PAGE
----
If you are a project manager dealing with what you perceive to be an unrealistic deadline, the first thing you will want to do is talk to your sponsor to see if there are any business factors that are driving the deadline. For example, there may be some event occurring that this project needs to support. On the other hand, sometimes managers set arbitrary end-dates just to provide what they consider to be stretch objectives. You may find that by better understanding the reason for the deadline, you may have an easier time getting the team motivated to achieve it.
Once you understand the cause for the deadline date, there are project management techniques that can be utilized to increase the chances of success.
- Increase resources. If you find that the deadline is not in alignment with your resources, talk to your manager about increasing the resources that are available for the project. Adding resources to the project may increase the cost, but may allow you to hit the deadline. If the deadline is most important this may be a viable option.
- Reduce scope. Talk to your sponsor about reducing the project scope. See if there are features and functionality that he can live without for now so that you can deliver the project within the deadline specified.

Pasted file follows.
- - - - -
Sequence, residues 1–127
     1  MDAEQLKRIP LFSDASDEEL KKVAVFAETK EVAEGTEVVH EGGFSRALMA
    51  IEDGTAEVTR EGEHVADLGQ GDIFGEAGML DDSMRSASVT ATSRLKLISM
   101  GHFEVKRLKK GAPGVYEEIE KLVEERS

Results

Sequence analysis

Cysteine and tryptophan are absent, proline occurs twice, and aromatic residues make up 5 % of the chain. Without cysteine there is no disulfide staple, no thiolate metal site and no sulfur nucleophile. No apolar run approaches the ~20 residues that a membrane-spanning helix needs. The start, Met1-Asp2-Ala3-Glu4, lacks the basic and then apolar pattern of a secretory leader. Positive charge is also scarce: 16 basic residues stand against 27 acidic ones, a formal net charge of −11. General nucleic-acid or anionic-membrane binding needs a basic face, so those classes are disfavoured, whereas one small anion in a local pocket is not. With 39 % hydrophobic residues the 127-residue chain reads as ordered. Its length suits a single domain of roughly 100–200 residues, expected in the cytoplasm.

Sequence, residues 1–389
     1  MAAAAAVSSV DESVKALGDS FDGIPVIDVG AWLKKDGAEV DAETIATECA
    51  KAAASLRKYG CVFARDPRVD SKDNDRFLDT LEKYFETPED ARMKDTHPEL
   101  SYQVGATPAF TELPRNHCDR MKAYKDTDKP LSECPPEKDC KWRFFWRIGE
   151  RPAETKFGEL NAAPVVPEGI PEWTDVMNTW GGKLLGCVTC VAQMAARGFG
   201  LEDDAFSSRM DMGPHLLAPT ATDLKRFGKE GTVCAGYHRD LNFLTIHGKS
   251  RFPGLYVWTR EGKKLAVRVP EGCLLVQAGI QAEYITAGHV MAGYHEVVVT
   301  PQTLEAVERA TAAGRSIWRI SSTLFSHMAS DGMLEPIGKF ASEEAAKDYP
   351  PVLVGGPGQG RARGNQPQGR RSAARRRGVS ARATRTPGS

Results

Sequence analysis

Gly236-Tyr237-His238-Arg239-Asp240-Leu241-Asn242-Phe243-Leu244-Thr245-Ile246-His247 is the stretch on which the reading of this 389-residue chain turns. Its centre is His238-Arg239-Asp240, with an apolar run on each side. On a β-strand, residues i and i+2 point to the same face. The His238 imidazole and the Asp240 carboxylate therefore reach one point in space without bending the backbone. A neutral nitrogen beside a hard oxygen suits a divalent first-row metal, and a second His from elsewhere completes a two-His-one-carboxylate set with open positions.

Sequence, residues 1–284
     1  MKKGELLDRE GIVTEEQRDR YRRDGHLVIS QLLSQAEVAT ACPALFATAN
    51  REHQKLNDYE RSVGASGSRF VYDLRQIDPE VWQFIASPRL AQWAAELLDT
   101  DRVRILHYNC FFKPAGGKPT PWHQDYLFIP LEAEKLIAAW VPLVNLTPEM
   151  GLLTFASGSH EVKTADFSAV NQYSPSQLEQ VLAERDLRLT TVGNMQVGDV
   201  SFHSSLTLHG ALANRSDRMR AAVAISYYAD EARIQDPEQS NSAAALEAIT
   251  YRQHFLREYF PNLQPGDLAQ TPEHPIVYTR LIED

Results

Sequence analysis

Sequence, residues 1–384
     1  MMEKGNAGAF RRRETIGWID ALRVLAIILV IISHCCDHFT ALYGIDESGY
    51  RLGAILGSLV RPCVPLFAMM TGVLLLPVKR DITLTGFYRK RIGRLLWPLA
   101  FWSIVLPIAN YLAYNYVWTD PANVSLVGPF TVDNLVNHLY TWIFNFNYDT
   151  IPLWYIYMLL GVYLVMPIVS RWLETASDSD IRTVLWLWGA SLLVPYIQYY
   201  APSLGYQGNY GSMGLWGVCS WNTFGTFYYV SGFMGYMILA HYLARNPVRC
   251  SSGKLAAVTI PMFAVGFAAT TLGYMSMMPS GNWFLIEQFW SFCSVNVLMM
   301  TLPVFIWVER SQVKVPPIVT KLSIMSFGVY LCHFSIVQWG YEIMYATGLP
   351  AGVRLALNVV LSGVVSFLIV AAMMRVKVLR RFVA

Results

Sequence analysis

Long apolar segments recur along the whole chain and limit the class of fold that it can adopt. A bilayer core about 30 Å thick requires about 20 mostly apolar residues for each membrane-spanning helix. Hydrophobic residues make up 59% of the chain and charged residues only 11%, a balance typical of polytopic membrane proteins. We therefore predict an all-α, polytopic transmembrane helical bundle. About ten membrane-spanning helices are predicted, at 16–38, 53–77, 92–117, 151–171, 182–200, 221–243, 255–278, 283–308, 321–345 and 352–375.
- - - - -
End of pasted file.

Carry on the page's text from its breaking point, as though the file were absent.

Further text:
- Identify and manage the deadline as a project risk. Utilizing risk management will help better manage expectations early in the project and also be a way to gather input and ideas for ways that you might be able to hit the deadline.
- Manage scope with zero tolerance. On many projects, you start with an aggressive delivery date, and then the situation gets worse because you do not effectively manage scope. It is absolutely critical that you manage scope effectively and do not increase scope without an appropriate increase in budget and timeline.
- Manage the schedule aggressively. In many projects, you might get a little behind but have confidence that you can make up the time later. However, when you start a project with the deadline at risk, be sure to manage the schedule diligently. You have no margin for error. As you monitor the schedule, treat missed deadlines as problems and work hard to solve the reasons behind the slippage.
- Look for process improvement opportunities. Lastly, take a hard look at your schedule and your approach for executing the project. Talk to your team, clients, and manager about any ideas they may have for making the project go faster. This will get everyone thinking about being part of a solution.
Although it appears that you are being held accountable for events and circumstances that are not within your control, you do have control over the processes you use to manage the project. Use them proactively and wisely.